Esports has provided sports betting and gaming operators with some much needed relief during financially unstable times brought about by COVID-19. However, now attention is turning to its validity after the virus threat level recedes and how the esports industry will ultimately fit into the betting sector.
Siim Ühtid, Esports Trading Manager at Betgenius, spoke to SBC News about why the betting industry was correct to turn to esports in these uncertain times, and how competitive gaming can maintain its position as a primary market after the coronavirus outbreak.
SBC: Why do you think the betting industry has turned to esports following live-sport postponements due to COVID-19?
SU: The downturn in global sports coverage is a major challenge for the betting industry. Esports, however, is one area where scheduling remains strong and sustainable, with LAN tournaments being held online. It’s therefore making up a significant proportion of the professional events that suppliers and sportsbooks can cover.
We’ve been offering live betting on esports since 2015 and turnover across titles has grown consistently since then. The vast number of people playing video games at home recreationally means customers often have a strong grasp of game rules and an appreciation of the skill required to compete at the pro level.
Widespread streaming across Twitch, YouTube and various sportsbooks adds to esports’ betting appeal, making it easy to follow the progress of your bet.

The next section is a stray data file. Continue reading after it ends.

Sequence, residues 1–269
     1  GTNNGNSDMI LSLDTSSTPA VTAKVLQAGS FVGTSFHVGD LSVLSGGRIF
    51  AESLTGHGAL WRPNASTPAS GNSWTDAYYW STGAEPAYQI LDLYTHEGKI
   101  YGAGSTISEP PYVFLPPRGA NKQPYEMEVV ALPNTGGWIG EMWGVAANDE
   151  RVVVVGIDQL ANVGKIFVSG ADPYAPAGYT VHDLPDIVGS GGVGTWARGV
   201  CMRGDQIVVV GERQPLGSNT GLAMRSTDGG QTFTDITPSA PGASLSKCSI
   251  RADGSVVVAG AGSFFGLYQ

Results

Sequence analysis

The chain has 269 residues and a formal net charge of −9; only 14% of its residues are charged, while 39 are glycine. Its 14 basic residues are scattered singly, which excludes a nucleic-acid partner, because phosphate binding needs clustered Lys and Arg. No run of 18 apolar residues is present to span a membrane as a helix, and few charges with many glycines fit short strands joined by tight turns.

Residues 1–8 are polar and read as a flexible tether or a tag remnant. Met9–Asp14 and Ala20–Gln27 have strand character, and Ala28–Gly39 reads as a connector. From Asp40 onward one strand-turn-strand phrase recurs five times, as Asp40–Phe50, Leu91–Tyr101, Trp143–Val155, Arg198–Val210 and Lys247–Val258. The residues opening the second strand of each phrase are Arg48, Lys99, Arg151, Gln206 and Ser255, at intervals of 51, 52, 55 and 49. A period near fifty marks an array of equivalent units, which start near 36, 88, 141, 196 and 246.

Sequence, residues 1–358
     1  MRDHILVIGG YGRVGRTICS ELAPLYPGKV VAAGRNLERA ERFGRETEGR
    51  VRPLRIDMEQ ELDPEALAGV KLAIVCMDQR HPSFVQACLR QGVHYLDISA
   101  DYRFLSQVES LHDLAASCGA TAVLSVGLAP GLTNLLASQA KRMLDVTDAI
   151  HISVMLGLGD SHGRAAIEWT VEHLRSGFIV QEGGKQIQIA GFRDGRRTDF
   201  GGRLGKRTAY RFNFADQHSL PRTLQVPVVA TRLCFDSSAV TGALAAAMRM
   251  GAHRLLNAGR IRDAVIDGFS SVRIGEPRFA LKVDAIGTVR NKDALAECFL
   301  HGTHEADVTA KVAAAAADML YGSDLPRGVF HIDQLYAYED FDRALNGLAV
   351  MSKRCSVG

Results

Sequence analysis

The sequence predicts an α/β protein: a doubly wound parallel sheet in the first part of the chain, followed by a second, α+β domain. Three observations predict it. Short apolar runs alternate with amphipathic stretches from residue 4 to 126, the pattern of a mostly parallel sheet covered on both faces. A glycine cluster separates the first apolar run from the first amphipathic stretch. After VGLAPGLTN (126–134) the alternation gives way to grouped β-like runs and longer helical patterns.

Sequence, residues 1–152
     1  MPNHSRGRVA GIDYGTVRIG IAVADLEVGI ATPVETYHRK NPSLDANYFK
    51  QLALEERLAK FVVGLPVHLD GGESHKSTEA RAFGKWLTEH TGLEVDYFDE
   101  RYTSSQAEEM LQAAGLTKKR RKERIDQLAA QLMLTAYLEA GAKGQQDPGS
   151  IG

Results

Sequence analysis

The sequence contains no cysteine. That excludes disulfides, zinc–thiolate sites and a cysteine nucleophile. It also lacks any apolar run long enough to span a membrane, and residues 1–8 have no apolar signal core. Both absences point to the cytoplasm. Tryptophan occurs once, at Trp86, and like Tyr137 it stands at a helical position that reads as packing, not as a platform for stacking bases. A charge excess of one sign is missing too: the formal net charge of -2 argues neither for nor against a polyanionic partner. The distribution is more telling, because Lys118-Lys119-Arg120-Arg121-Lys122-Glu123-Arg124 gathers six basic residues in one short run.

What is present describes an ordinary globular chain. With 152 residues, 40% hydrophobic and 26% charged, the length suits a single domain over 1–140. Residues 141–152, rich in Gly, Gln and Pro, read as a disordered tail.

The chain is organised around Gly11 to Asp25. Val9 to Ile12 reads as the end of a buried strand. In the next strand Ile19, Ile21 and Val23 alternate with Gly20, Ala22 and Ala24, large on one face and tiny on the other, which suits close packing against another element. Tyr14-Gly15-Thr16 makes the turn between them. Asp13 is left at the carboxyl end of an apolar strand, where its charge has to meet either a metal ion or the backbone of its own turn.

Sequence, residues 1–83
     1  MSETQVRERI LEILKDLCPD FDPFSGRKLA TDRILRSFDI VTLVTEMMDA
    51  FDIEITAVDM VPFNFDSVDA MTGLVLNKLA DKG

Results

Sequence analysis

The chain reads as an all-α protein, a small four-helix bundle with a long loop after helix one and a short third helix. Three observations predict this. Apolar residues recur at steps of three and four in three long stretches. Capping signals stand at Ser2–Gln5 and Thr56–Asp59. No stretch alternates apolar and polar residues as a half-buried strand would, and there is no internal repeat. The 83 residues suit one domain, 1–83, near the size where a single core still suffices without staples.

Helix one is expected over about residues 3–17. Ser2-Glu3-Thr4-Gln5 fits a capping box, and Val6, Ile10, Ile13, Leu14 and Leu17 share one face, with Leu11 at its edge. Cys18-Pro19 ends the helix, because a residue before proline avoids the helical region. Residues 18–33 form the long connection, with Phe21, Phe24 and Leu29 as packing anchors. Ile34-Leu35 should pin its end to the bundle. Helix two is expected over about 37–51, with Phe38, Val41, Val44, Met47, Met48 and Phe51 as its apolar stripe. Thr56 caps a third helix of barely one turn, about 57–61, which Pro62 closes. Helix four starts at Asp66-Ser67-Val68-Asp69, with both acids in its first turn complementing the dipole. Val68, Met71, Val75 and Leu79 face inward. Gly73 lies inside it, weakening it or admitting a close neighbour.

SBC: Do you think that the esports betting industry will ultimately benefit from this uncertain climate, or is it only a short term solution while there is a lack of sports offerings?
SU: While we’re seeing a spike in turnover right now, most operators already understand the benefits of investing in esports content. The esports betting audience is growing and diversifying relatively fast, so when the traditional sporting calendar resumes, it will absolutely remain a key part of sportsbook strategy.
Customer cross-sell from football to relevant console titles like FIFA has been a noticeable trend, and it’s one that opens up long-term opportunity. Increased familiarity with these titles means esports could become a staple in customer journeys, particularly as many events are played during gaps in top-tier football schedules.
SBC: With all that in mind then, what are the capabilities of esports betting? And how popular do you think the sector can be?
SU: I firmly believe esports can become a top three betting sport. The fact you can access quality live video footage anywhere in the world, at any time, is a massive plus point. The next step in driving its betting appeal will be greater marketing focus.
SBC: Finally, unlike traditional sports, esports has a wide range of genres; which games do you think will specifically rise in popularity for punters?
SU: Turnover on pro competitions involving console games like FIFA is on the rise, a trend that’s been accelerated even further by the current extenuating circumstances. More generally, multiplayer online battle arena and first person shooter games have proved hugely popular over the last year.
The reality is that esports is a broad term. Customer preferences are diverse and for sportsbooks, that means remaining agile and receptive to consumer trends and changes in demand. Rainbow Six is a great example of this. Although relatively old in esports terms, it’s started to attract more betting activity, in part due to the growth of similar-style games like CS:GO.